Reps. Courtney, Lamb Introduce Bipartisan FREED Vets Act
(WASHINGTON, DC) – Representative Conor Lamb (PA-17) and Representatives Joe Courtney (CT-02), Brian Fitzpatrick (PA-01), Guy Reschenthaler (PA-14) and Andy Levin (MI-09) introduced the bipartisan Federally Requiring Earned Education-Debt Discharges for Veterans Act (FREED Vets Act) to require the U.S. Department of Education to automatically discharge federal student loan debt for eligible permanently disabled veterans. A companion Senate version of this legislation is also being introduced by Senators Jack Reed (RI) and Johnny Isakson (GA).
In October 2018, the U.S Department of Education established a program with the Department of Veterans Affairs (VA) to identify veterans who are disabled or unable to work. Under the current program, the Department of Education then notifies veterans who are eligible for debt forgiveness of the opportunity to apply. The FREED Vets Act would automatically forgive these loans and eliminate the paperwork barrier that prevents eligible veterans from attaining student loan debt relief. More than 42,000 eligible veterans have been identified by the Department of Education, yet only 20% of those eligible have applied for the program.
“Our nation’s disabled veterans have made incredible sacrifices for our nation, and it is a disservice to them and their families to wrap up the discharge of their federal student loan debt in bureaucratic red tape,” said Courtney. “I commend my colleagues Congressmen Lamb and Fitzpatrick for their work on this effort to automatically discharge the student loan debt of our disabled vets. The FREED Vets Act is a commonsense, bipartisan solution to an inter-agency issue that deserves swift attention from this Congress. I look forward to highlighting this issue for my colleagues on the Education & Labor Committee.”
“Congress has an obligation to ease the challenges our veterans face when they come home and return to civilian life,” said Lamb. “This important bipartisan legislation provides a clear pathway for eligible disabled veterans to receive a benefit they have earned through their service and sacrifice.”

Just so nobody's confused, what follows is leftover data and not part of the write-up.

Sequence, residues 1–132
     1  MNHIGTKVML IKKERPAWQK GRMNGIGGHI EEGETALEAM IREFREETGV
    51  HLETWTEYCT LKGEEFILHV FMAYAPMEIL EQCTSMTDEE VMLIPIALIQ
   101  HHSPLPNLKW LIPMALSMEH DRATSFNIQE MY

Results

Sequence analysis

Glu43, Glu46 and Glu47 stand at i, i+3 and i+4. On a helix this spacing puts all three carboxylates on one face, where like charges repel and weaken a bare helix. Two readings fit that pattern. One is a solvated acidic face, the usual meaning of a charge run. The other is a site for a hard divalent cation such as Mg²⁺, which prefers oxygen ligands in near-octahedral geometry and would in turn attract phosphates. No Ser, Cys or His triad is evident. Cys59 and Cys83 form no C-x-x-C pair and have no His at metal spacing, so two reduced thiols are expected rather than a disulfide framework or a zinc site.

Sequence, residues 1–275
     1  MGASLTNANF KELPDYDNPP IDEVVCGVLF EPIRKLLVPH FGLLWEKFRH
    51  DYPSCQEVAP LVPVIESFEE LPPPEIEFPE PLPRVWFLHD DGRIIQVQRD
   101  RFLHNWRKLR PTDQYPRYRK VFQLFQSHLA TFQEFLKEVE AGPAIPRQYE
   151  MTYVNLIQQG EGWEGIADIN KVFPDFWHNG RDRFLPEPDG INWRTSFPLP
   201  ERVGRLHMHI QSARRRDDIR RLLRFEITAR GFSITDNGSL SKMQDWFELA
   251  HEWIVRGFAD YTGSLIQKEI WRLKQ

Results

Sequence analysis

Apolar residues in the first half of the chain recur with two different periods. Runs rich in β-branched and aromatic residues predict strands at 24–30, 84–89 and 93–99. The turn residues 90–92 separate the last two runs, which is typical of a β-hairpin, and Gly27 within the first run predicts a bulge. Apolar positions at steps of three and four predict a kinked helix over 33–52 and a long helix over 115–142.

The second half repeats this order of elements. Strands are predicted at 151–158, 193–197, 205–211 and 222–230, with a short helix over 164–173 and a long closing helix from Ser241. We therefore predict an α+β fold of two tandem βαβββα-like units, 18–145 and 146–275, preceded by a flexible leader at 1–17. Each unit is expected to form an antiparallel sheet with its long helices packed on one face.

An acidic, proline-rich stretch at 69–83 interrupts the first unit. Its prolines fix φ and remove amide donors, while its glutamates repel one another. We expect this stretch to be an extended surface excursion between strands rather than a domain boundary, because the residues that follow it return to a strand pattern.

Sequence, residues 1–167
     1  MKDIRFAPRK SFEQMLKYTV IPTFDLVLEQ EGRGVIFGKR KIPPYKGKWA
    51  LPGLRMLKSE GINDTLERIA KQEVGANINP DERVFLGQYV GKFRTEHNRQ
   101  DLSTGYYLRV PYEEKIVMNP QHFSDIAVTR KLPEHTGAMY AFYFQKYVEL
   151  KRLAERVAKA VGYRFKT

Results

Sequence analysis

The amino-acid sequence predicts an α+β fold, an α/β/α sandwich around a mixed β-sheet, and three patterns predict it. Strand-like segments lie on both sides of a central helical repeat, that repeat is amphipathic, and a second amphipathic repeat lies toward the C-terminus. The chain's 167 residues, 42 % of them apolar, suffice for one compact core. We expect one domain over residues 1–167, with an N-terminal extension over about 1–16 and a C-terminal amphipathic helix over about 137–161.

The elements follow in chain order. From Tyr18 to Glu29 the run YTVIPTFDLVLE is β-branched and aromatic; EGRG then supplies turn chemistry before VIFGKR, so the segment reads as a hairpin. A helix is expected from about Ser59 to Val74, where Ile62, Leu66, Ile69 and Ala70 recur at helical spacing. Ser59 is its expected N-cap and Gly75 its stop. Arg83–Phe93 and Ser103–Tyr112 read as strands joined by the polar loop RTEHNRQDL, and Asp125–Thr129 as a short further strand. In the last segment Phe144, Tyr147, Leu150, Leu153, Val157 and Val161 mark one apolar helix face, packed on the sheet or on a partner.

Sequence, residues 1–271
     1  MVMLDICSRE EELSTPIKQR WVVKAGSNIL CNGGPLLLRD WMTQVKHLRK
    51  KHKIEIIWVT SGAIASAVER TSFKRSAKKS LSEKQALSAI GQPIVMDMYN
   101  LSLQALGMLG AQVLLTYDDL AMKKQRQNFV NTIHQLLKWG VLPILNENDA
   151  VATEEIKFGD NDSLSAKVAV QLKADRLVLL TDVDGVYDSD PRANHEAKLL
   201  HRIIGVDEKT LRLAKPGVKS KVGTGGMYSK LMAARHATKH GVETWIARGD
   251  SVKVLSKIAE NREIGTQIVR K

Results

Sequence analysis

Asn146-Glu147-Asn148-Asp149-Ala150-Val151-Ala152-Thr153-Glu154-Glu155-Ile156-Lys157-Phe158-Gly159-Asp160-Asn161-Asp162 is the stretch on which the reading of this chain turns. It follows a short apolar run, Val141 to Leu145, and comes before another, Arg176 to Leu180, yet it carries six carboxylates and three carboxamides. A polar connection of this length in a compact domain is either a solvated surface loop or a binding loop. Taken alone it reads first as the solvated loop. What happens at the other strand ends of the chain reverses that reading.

"Our nation's veterans have sacrificed immensely for our freedom and way of life," said Fitzpatrick. "It is unacceptable that many disabled veterans continue to be saddled with high levels of student debt. I am proud to join Representative Lamb in introducing the FREED Act to support student loan forgiveness and financial security for American heroes."
“This is a commonsense way to make it easier for totally and permanently disabled veterans to receive the student loan relief they deserve, and I hope that we’re able to act quickly on it,” said Isakson, a member of the committee that oversees federal education matters and chairman of the Senate Committee on Veterans’ Affairs.
“As a veteran, I’m proud to join with my colleagues to introduce legislation that streamlines student loan forgiveness for disabled veterans,” said Reschenthaler. “These men and women served on the front lines defending our nation, and this bill will cut the red tape that stops them from receiving their benefits. I look forward to working with my colleagues in support of our nation’s heroes.”
“Veterans who have a disability due to military service should face as few administrative barriers as possible in receiving their benefits—especially as they navigate the cumbersome student loan process,” said Levin. “Automatically discharging student loans for veterans with a permanent disability is something we can all agree on. The FREED Act offers a few simple fixes that make our government work more efficiently in service to veterans. I’m proud to support this bill as an original cosponsor and deliver practical, meaningful solutions for veterans with disabilities.”
The automatic discharge of student loan debt for eligible disabled veterans has been supported by Student Veterans of America, The Retired Enlisted Association, Veterans Education Success, Iraq and Afghanistan Veterans of America (IAVA), U.S. Army Warrant Officers Association, Higher Ground Veterans Advocacy, as well as 51 state attorneys general, and multiple tax law experts.